Okay, this probably one of those posts that is ecstatic to draft because of the shear wonder that it encapsulates. We captured lightning using nothing more than just a mere headphone jack and its so simple that anyone around the world with an access to an old headphone jack can do it too!
Take an old headphone jack and strip off the mic part and you are good to go OR if you have a dedicated USB sound card you can use that!
Sparks of any kind produce electromagnetic disturbances and it is these disturbances made by lightning that we will be detecting. That is the reason we are stripping off the microphone from the headphone jack and keeping only the wire. The wire will act as an antenna to pick up the signal.
Just to be clear, this is NOT related to the sound of the thunder by any means.
Test with Gas Lighter
Before we test the headphone jack with lightning, we needed to know how the headphone jack reacted to sparks and how a spark looks like when recorded with a headphone jack.
Since gas lighters are capable of producing sparks, we thought that it would be a great place to start. Here’s what we observed:
** Although we use a USB sound card in our videos, this works with an ordinary TRS/TRRS headphone jack as well.
Now that we have a good idea of what is going on with a gas lighter, we can predict a similar pattern with a lightning as well. Why ? Well, because lightning is the same phenomenon but, at a much bigger scale.
How do you do it ? First things first, to state the obvious one needs lightning. But besides that the setup is similar to the previous one except that unlike the gas lighter, we have to use the human body as an antenna by holding the wire coming from the mic pin of the headphone jack in our hand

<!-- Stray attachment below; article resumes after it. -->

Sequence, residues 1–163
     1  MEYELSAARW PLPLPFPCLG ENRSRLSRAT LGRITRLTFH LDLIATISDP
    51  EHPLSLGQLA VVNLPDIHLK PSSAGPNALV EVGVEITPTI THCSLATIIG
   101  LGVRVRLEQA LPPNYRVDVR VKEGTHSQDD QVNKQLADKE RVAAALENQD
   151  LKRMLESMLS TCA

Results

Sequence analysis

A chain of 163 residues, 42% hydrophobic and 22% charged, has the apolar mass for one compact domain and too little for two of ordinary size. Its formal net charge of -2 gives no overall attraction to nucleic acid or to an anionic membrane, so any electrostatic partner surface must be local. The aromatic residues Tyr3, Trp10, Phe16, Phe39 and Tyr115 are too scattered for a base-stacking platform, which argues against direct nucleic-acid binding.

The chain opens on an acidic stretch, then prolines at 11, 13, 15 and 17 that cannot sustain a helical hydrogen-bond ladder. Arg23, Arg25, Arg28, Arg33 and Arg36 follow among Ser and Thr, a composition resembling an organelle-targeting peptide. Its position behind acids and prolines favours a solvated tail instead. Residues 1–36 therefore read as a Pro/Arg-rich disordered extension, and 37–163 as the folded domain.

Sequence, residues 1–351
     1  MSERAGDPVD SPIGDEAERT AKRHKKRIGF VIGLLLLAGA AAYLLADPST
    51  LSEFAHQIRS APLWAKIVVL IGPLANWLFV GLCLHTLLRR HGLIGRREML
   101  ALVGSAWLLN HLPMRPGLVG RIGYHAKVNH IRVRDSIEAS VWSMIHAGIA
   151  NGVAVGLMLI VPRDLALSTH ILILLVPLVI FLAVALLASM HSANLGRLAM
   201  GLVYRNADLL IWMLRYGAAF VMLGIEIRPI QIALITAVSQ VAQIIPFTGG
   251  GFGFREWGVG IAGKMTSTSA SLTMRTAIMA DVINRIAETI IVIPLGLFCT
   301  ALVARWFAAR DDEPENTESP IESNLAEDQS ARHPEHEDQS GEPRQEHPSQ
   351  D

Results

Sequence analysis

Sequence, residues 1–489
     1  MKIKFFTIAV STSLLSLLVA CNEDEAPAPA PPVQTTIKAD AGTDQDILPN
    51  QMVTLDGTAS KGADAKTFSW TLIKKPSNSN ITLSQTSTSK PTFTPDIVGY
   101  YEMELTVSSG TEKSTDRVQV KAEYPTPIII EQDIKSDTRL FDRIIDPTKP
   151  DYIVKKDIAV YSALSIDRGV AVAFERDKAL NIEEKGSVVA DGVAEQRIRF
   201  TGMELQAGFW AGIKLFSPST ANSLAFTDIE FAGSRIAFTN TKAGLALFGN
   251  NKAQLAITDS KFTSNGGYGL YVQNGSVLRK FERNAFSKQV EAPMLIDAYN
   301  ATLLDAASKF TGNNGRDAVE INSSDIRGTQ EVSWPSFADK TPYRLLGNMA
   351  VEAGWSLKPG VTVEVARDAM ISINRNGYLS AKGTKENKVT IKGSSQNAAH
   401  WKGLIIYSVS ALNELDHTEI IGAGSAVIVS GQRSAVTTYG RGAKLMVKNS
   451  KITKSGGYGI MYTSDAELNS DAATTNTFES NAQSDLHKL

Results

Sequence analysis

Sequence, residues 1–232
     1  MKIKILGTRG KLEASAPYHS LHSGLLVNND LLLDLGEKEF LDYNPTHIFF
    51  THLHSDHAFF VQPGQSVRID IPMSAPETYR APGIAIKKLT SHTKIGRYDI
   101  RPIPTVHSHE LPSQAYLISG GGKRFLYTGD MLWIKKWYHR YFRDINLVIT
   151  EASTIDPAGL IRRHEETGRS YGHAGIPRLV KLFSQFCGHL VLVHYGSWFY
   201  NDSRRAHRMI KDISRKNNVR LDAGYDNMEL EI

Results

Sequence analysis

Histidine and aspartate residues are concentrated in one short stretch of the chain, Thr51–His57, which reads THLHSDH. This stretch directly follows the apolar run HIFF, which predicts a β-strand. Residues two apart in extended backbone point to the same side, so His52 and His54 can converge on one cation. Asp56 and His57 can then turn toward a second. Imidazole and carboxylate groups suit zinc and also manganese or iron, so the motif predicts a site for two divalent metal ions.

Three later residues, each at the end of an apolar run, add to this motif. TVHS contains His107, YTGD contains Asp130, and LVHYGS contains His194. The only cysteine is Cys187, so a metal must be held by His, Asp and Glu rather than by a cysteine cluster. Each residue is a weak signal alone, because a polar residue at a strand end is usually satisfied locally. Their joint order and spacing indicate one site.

Processing the recording
The audio file that we acquired has been uploaded to Google Drive (links below) but we strongly suggest that you try it out yourself to get a feel for this powerful technology that many people disregard as quotidian.
This is how the raw audio file might look (recorded with Audacity):
Now we amplify this signal on Audacity. (Effect –> Amplify)
Now you see these three prominent peaks, now these are for sure caused by the lightning. How are we so sure? Well, we were able to visually validate the data. What are those other peaks ? They are lightning too (!!!), but ones that are happening at a distance (probably many kilometers away).
Now in order to be completely sure, we repeated the same experiment another evening.. And here’s what we got:
This was a much more dramatic day with lots of lightning! ( as is evident from the numerous peaks )
How cool is that you can something as simple as a headphone jack to procure information about lightning that is probably happens kilometers away. This was absolutely ecstatic!
What does one peak look like ?
Here is a close up of one peak that was recorded:
Sampling rate: 44100 Hz
Sampling rate: 384000 Hz
This resembles very closely to a Guassian Wave packet . ( In physics, a wave packet (or wave train) is a short “burst” or “envelope” of localized wave action that travels as a unit )
We believe that the electromagnetic disturbance that is detected during a lightning / spark is a Gaussian wave packet. (If you believe otherwise let us know why by pinging us at firstname.lastname@example.org or in the comments section)
Will be uploaded soon! (subject to environmental weather conditions ;P)
If you found this post interesting, check out
Thunder Audio file (44100 Hz): GoogleDrive link
Thunder Audio file (384000 Hz): GoogleDrive link